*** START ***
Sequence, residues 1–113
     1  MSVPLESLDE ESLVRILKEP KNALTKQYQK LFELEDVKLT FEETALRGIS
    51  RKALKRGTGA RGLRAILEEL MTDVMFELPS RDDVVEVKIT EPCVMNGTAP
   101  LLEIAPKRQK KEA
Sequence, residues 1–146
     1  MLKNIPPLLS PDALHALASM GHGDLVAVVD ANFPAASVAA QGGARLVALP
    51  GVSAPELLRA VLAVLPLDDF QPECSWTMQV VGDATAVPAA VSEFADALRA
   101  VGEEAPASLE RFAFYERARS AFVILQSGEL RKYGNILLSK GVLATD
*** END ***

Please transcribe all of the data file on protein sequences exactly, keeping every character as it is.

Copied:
Sequence, residues 1–113
     1  MSVPLESLDE ESLVRILKEP KNALTKQYQK LFELEDVKLT FEETALRGIS
    51  RKALKRGTGA RGLRAILEEL MTDVMFELPS RDDVVEVKIT EPCVMNGTAP
   101  LLEIAPKRQK KEA
Sequence, residues 1–146
     1  MLKNIPPLLS PDALHALASM GHGDLVAVVD ANFPAASVAA QGGARLVALP
    51  GVSAPELLRA VLAVLPLDDF QPECSWTMQV VGDATAVPAA VSEFADALRA
   101  VGEEAPASLE RFAFYERARS AFVILQSGEL RKYGNILLSK GVLATD